Hydraulic fracturing negatively impacts infant health

December 13, 2017, Princeton University
Locations of births and fractured wells in Pennsylvania. Credit: Currie, Greenstone, Meckel, Sci. Adv. 2017;3: e1603021

From North Dakota to Ohio to Pennsylvania, hydraulic fracturing, also known as fracking, has transformed small towns into energy powerhouses. While some see the new energy boom as benefiting the local economy and decreasing U.S. reliance on foreign oil, others fear the potential health and environmental consequences that come along with fracking.

Health risks increase for born to mothers living within 2 miles of a site, according to a study published Dec. 13 in Science Advances. The research team found that infants born within a half a mile from a fracking site were 25 percent more likely to be born at low birth weights, leaving them at greater risk of infant mortality, ADHD, asthma, lower test scores, lower schooling attainment and lower lifetime earnings.

"Given the growing evidence that pollution affects babies in utero, it should not be surprising that fracking, which is a heavy industrial activity, has negative effects on infants," said co-author Janet M. Currie, the Henry Putnam Professor of Economics and Public Affairs at Princeton University. "As local and state policymakers decide whether to allow hydraulic fracturing in their communities, it is crucial that they carefully examine the costs and benefits, including the potential impacts from pollution," said study co-author Michael Greenstone, the Milton Friedman Professor in Economics and director of the Energy Policy Institute at the University of Chicago. "This study provides the strongest large-scale evidence of a link between the pollution that stems from hydraulic fracturing activities and our health, specifically the health of babies."

Using records from more than 1.1 million births across Pennsylvania from 2004 to 2013, the researchers compared infants born to mothers living near a drilling site to those living farther away from a site, before and after fracking began at that site.

The most significant impacts were seen among babies born within .6 miles of a site, as those babies were 25 percent more likely to be , that is born under 5.5 pounds.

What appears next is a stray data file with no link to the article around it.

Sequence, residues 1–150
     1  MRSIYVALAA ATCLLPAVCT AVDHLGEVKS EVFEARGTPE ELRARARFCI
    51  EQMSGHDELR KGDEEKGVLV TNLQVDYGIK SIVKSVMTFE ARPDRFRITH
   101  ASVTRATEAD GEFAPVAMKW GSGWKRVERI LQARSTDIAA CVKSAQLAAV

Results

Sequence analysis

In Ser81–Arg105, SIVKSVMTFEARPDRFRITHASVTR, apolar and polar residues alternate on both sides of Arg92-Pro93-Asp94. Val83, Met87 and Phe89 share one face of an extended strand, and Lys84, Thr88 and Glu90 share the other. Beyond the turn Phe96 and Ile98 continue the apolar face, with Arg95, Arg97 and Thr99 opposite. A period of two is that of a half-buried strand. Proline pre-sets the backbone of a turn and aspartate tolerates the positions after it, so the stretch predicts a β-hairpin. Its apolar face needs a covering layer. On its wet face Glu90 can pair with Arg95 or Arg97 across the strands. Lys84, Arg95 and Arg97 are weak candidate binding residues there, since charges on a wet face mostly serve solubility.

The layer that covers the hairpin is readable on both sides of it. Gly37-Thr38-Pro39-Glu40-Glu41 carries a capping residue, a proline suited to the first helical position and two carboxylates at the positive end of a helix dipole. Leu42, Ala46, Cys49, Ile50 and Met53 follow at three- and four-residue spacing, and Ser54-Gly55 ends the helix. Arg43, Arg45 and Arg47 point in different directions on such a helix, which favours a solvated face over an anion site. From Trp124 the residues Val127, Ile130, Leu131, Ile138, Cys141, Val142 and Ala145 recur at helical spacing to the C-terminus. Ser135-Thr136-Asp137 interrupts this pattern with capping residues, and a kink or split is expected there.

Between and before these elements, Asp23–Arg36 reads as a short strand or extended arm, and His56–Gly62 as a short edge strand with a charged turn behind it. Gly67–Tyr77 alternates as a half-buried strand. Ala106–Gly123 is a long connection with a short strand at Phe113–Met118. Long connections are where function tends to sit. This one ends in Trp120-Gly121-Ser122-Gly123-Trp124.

Co-author Michael Greenstone of the University of Chicago presents the study's results. Credit: Energy Policy Institute at the University of Chicago (EPIC)

Infants born to mothers living between half a mile and 2 miles saw their risk of low birth weight decrease by about a half to a third. Infants born to mothers living beyond 2 miles experienced little to no impact to their health.

"These results suggest that hydraulic fracturing does have an impact on our health, though the good news is that this is only at a highly localized level," said Currie, who directs the Center for Health and Wellbeing at Princeton's Woodrow Wilson School of Public and International Affairs. "Out of the nearly 4 million babies born in the United States each year, about 29,000 of them are born within about a half mile of a fracking site."

"While we know pollution from hydraulic fracturing impacts our health, we do not yet know where that pollution is coming from—from the air or water, from chemicals onsite, or an increase in traffic," said co-author Katherine Meckel, assistant professor at the University of California, Los Angeles. "Until we can determine the source of this pollution and contain it, local lawmakers will be forced to continue to make the difficult decision of whether to allow fracking in order to boost their local economies—despite the health implications—or ban it altogether, missing out on the jobs and revenue it would bring."